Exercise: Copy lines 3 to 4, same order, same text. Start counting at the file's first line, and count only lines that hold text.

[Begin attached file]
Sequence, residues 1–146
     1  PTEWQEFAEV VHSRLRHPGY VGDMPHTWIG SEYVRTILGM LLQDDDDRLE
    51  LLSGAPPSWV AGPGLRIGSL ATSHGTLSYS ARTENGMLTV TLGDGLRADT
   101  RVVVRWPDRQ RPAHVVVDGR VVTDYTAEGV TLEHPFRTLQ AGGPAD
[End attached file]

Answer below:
    51  LLSGAPPSWV AGPGLRIGSL ATSHGTLSYS ARTENGMLTV TLGDGLRADT
   101  RVVVRWPDRQ RPAHVVVDGR VVTDYTAEGV TLEHPFRTLQ AGGPAD